Earlier this month, a freight train hit a police cruiser in Platteville, Colorado, while a woman sat handcuffed inside. According to the Denver Post, a group of officers — from the Platteville and Fort Lupton police departments — had detained Yareni Rios-Gonzalez, 20, after a traffic stop and left her in their SUV while they searched her truck for weapons. But the vehicle was stopped on a set of railroad tracks, and shortly after police escorted her inside, a train came barreling toward it, whistles blasting. Body- and dash-cam footage shows the moment when the train slammed into the car, the officers panicking in the background and shouting at one another to get out of the way.
Though she sustained serious injuries, Rios-Gonzalez survived. She remains hospitalized in Greeley, according to the Colorado Bureau of Investigation. Her attorney, Paul Wilkinson, told the Post that Rios-Gonzalez has already undergone surgery for a broken arm, and that she suffered nine broken ribs, a fractured sternum, injuries to her back and head. Also, she was terrified: “She saw it coming and could hear the horn,” Wilkinson told the paper. “She was trying to get the police officers’ attention, screaming at them. She tried unlocking the door. She had her hands behind her back and was frantically trying to unlock the door.”
The collision occurred around 7:30 p.m. on September 16, near U.S. 85 and Weld County Road 38, with the police car planted in the middle of a railroad crossing. Authorities say they pulled over Rios-Gonzalez because of a “road-rage incident” that involved a firearm. After they stopped her, two of the officers ordered Rios-Gonzalez out of the truck she was driving, and commanded her to put her hands above her head. Another officer handcuffed her and brought her over to the police car, not answering her questions about the reasons for the stop.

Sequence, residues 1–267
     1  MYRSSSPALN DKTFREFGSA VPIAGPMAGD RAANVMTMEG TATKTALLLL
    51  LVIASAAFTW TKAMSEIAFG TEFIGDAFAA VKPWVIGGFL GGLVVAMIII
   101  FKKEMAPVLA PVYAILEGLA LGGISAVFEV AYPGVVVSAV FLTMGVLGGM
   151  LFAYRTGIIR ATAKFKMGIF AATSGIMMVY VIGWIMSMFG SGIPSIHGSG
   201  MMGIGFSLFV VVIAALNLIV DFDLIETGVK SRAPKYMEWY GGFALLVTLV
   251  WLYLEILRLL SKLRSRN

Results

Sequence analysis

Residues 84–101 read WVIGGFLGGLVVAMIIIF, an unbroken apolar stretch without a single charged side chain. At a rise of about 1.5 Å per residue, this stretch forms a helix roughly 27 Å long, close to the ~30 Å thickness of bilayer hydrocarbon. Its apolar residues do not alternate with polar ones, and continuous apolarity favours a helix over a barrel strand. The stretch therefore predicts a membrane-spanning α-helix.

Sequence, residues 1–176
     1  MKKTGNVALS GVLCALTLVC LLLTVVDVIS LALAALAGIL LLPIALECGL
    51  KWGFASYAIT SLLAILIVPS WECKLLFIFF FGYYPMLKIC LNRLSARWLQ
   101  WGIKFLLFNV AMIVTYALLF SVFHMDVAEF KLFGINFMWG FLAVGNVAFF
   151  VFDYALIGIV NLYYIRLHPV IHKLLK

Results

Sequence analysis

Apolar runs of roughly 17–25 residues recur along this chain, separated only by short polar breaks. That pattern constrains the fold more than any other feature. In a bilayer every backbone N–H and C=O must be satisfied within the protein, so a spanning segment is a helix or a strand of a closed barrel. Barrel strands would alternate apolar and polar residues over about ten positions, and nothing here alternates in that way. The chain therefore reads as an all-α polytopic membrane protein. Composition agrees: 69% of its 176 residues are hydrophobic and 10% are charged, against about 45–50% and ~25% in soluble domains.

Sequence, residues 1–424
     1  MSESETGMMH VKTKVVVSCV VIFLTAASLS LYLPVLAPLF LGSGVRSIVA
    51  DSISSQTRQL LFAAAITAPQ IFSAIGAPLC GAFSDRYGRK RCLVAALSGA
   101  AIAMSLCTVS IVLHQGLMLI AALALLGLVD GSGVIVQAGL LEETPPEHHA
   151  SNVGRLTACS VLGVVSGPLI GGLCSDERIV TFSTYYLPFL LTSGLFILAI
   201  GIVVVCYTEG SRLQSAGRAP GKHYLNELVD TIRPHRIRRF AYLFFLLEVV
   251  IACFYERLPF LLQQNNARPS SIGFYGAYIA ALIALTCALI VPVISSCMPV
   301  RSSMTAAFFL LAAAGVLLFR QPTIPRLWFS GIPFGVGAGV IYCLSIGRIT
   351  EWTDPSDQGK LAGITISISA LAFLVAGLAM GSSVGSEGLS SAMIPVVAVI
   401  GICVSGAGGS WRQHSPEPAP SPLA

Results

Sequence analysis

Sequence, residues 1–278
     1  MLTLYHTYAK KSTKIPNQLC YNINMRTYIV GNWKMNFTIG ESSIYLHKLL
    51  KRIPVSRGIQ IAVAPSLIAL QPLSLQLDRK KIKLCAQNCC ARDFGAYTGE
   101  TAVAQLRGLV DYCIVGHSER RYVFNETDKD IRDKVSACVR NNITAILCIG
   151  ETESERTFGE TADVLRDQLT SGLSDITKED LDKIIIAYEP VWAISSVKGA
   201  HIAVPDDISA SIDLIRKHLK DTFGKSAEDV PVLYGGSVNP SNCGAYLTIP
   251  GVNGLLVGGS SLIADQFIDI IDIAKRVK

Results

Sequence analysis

“What’s going on, why am I being arrested?” Rios-Gonzalez can be heard asking in the video. “Ma’am, what’s going on? I’m so confused.”
With Rios-Gonzalez sitting in the SUV, officers continued their search of the truck, speculating that she “could’ve” tossed a weapon out her window, though the officer driving behind her admittedly didn’t see anything like that. Still, “it took her a very long time to pull over,” he explained. The train’s horn sounds in the background. As officers turn to look, the footage shows the train plowing into the parked car. One yells at his colleagues to “stay back,” and just after the collision, a Platteville officer appears to shout, “Hey, was she in there? Was she in there? Was she in there?” A Fort Lupton officer confirmed that she was, and radioed for medical assistance. It took the officers about 15 seconds to respond to the crash.
The Cut has contacted the Platteville Police Department for comment on the incident, and will update if we hear back. In a statement, Fort Lupton Police Chief John Freyer said the investigation into the incident was being handled by the CBI (“standard in any incident where an in-custody person suffers serious injury”) and that officers “immediately summoned medical assistance and began life-sustaining measures.” The body-cam footage suggests they also got back to searching Rios-Gonzalez’s car, where they ultimately found a gun in the center console. (In Colorado, that’s not necessarily illegal.)
Now, per the CBI’s statement, a trio of agencies are investigating: Fort Lupton is handling the “criminal investigation” into the alleged road rage, Colorado state police are looking into the crash, and the CBI is investigating the “Serious Bodily Injury to the individual while in police custody.” The Platteville officer has reportedly been placed on paid administrative leave, while according to the New York Times, Fort Lupton police are seeking an arrest warrant. We have also contacted the Weld County District Attorney’s office for comment and/or clarification, and will update if we hear back.
As to the SUV’s location, attorney Wilkinson has questions. “I don’t think you ever park on a train track. Ever,” he added. “That would have avoided the whole situation. You just never park on a train track. You have to park somewhere else.”